Unions & Industry Tell Lawmakers that Programs Fall Short in Aiding Entertainment Workers
AFM joined with other entertainment unions and music industry organizations in highlighting the ways that the CARES Act has fallen short in assisting musicians and other entertainment workers. In a letter, the broad collation wrote:
“Given the unique nature of our industry, many in our profession work from project to project and gig to gig, not only in multiple jobs but in various capacities. As a result, creators often find themselves working as employees receiving W-2 wages and as independent contractors (or otherwise self- employed) receiving 1099 income for performances, royalties, and other services. Unfortunately, implementation of the Pandemic Unemployment Assistance program (PUA) has overlooked workers with mixed income.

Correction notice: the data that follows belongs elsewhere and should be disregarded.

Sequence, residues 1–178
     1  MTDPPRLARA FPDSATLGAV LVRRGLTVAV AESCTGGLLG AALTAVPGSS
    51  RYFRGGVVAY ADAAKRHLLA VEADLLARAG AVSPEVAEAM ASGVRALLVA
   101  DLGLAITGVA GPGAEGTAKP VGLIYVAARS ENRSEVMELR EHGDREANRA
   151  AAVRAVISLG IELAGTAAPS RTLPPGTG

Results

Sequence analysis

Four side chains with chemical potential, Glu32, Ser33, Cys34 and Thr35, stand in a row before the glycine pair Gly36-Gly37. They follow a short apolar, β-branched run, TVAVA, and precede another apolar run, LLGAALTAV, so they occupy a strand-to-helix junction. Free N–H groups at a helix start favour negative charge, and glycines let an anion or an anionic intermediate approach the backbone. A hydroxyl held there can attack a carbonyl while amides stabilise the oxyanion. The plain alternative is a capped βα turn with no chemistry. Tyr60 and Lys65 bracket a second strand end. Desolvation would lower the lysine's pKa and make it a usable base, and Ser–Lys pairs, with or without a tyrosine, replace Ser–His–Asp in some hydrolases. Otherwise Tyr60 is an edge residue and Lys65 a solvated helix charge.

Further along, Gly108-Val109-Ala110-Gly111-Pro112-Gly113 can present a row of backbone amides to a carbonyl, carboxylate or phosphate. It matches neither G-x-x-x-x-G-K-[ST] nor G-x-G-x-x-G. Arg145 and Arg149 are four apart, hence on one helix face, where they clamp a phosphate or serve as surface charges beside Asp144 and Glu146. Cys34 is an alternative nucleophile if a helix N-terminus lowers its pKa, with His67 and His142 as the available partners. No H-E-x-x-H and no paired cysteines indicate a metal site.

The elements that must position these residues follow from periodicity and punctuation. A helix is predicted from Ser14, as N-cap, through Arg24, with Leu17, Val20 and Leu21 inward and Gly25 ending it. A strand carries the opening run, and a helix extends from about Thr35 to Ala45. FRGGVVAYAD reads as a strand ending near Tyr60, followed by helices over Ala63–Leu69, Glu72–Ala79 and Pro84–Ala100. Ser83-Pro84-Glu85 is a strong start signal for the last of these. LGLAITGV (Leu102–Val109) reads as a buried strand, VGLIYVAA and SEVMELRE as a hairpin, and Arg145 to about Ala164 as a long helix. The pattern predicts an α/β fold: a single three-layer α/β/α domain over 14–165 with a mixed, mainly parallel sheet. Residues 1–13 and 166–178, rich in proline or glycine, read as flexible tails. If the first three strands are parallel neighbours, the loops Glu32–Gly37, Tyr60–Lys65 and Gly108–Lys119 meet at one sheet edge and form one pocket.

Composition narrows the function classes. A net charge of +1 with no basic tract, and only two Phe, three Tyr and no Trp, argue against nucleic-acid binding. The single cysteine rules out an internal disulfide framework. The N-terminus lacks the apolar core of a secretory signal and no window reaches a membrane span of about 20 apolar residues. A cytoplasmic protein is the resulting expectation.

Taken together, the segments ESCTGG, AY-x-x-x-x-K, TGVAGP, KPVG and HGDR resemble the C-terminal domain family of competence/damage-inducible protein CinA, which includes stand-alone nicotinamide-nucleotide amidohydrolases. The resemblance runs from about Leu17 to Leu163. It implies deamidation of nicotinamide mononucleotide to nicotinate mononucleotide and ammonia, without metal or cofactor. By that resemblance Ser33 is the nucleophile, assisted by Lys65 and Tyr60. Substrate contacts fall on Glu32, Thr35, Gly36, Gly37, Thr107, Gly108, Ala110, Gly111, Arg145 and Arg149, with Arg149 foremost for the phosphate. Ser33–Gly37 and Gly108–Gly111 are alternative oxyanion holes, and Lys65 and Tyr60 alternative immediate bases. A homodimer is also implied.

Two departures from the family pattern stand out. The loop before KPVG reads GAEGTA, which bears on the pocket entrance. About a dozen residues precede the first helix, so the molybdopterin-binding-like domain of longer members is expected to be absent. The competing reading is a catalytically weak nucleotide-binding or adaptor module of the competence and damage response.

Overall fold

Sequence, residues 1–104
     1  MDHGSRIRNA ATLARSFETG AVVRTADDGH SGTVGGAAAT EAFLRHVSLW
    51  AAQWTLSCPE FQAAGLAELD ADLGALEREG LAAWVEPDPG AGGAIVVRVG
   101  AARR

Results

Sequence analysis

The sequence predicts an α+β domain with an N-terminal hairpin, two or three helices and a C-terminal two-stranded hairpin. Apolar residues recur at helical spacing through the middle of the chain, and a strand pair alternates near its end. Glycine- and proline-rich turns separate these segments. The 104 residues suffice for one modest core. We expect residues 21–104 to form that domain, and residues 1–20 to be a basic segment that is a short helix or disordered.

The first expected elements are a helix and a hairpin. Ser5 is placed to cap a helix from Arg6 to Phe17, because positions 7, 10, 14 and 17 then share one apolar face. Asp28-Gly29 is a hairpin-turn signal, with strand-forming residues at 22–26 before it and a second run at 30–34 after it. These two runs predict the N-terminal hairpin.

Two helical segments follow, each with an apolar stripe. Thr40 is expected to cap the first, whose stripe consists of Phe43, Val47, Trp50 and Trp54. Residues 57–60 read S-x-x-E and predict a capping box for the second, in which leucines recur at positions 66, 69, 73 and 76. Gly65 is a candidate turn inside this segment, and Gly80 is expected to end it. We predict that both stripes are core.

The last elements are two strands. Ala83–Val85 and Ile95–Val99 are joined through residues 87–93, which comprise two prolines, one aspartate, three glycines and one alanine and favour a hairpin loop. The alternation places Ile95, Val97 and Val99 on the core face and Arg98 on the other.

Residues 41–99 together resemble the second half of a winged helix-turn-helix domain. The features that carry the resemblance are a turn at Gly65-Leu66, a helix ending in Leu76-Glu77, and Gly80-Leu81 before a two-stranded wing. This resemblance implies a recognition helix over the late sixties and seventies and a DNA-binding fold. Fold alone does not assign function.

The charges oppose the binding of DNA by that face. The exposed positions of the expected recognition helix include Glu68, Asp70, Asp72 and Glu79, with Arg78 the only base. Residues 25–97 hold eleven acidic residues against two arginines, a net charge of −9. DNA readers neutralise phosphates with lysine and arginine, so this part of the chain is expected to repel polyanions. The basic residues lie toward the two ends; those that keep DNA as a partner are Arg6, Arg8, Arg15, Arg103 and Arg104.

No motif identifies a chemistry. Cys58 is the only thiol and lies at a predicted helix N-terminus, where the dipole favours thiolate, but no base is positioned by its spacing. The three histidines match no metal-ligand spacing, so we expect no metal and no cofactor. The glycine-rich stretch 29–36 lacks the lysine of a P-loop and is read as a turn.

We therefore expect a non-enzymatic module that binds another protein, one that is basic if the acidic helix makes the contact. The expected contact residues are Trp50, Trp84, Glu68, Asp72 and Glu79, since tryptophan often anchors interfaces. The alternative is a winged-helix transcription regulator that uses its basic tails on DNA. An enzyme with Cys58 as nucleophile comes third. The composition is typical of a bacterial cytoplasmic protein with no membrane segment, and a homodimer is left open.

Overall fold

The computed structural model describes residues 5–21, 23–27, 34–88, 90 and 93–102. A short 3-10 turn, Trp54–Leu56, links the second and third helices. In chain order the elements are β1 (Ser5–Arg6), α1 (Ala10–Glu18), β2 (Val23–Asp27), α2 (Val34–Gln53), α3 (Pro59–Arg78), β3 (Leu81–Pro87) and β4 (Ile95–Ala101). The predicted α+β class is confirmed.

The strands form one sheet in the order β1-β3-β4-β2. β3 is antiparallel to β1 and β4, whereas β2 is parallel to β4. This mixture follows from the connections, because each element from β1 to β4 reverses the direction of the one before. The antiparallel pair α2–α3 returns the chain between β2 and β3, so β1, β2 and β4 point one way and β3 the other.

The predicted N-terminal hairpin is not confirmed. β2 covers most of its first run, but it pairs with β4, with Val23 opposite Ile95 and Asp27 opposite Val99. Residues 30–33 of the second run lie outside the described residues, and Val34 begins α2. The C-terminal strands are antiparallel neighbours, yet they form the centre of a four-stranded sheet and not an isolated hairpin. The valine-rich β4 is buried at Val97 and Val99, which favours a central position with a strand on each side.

In almost all cases that we see in every state, a minimum amount of W-2 income disqualifies a self-employed individual for PUA and significantly lowers the amount of assistance they receive. PUA must be updated to recognize these different income streams and allow individuals to show their mixed sources of revenue for a full accounting of their annual income.
In addition, those who work on location or perform on tour earn freelance income in multiple states, some of which does not come with a 1099. While some state agencies allow for this type of reporting, some do not. Congress’s intent is that such workers should be fully eligible for at least the minimum PUA amount, but state implementation does not fully reflect this intention. PUA must be updated to recognize these unique circumstances.”